Many want schools to challenge prejudice against new family forms and want parents to provide more information about donors, half-siblings, and surrogates, according to a new book, We Are Family.
By Susan Golombok
People concerned about children growing up in new forms of families (e.g., LBGTQ families, families created by donor eggs) have worried unnecessarily. In the face of dire warnings about such families, studies consistently show that their children turn out just as well as – and sometimes better than – kids from traditional families with two heterosexual parents. Findings have been remarkably similar, whether studies have focused on families with lesbian mothers, gay fathers, transgender parents, or single mothers by choice. Findings on families created by donations of eggs, sperm, or embryos, as well as by surrogacy, reflect the same pattern.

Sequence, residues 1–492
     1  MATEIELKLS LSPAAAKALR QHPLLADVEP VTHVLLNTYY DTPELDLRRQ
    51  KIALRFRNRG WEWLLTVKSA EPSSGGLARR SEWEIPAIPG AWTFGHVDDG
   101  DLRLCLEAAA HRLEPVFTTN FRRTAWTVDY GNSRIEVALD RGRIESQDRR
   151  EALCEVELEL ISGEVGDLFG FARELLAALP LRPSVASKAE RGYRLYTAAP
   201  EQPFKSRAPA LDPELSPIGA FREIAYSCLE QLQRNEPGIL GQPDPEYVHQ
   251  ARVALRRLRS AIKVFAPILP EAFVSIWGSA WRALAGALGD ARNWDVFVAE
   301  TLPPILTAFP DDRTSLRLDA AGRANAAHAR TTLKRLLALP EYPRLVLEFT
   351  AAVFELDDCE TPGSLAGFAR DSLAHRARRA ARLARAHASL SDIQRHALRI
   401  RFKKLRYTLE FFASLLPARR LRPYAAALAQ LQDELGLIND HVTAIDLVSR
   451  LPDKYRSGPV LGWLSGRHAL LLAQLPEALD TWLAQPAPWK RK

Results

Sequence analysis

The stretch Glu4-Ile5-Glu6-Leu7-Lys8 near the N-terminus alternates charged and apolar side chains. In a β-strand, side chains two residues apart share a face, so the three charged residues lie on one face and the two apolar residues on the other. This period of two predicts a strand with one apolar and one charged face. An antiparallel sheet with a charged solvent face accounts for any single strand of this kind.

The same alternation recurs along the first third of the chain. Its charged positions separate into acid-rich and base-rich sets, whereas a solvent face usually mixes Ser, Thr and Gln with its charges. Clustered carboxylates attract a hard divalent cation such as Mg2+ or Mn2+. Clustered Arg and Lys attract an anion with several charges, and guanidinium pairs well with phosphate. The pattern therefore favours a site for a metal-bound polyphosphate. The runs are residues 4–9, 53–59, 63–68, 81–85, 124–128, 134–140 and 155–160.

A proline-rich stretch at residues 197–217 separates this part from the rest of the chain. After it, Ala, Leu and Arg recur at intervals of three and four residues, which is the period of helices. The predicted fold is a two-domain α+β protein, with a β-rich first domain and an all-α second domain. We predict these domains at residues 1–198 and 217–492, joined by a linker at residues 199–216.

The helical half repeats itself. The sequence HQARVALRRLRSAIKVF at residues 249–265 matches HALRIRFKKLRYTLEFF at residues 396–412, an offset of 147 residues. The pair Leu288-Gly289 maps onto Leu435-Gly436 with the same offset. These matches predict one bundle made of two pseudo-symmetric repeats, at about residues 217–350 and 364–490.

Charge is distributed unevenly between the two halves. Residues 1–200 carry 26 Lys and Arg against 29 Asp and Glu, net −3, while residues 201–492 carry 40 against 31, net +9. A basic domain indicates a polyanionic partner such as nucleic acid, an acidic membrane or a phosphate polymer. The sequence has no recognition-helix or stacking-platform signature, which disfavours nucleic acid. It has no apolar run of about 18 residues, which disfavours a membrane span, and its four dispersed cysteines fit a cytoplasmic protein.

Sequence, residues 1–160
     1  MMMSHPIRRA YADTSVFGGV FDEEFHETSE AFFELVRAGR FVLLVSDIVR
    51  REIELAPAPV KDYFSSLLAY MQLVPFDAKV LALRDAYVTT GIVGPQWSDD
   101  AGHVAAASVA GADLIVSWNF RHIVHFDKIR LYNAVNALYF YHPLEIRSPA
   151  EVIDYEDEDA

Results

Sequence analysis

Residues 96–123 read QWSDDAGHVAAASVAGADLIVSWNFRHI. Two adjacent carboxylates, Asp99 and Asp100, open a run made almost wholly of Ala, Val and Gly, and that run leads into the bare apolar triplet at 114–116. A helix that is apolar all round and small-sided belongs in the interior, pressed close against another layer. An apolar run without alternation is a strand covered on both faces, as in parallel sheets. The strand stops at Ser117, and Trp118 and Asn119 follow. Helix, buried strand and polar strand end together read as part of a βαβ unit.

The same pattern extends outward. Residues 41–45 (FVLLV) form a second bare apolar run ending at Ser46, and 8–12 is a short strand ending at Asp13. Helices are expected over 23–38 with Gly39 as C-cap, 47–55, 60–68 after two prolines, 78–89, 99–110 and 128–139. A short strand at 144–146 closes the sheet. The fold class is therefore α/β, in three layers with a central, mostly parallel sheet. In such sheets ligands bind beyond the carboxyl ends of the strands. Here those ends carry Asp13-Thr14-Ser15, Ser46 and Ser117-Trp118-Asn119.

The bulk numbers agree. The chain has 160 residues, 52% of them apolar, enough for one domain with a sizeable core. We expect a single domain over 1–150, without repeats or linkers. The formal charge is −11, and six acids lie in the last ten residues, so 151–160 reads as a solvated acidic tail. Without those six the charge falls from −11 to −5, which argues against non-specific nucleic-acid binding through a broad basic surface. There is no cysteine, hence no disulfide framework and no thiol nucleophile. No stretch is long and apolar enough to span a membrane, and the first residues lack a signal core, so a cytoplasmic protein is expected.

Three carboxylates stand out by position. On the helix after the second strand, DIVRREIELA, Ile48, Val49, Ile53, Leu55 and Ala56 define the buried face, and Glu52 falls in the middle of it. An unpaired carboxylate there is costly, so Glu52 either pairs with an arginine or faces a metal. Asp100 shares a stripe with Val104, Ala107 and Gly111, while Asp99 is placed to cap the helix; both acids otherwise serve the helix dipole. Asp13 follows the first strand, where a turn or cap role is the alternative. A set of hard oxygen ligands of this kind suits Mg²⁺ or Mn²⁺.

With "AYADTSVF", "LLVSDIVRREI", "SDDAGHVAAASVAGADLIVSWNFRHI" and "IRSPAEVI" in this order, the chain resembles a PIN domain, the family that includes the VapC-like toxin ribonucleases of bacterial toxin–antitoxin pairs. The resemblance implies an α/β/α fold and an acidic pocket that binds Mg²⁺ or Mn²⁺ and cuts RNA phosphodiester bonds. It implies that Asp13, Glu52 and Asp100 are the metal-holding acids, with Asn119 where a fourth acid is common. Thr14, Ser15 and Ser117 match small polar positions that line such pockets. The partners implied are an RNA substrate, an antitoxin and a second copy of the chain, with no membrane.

In studies of all these new forms of family, we, along with other research teams, have found that the quality of family relationships...
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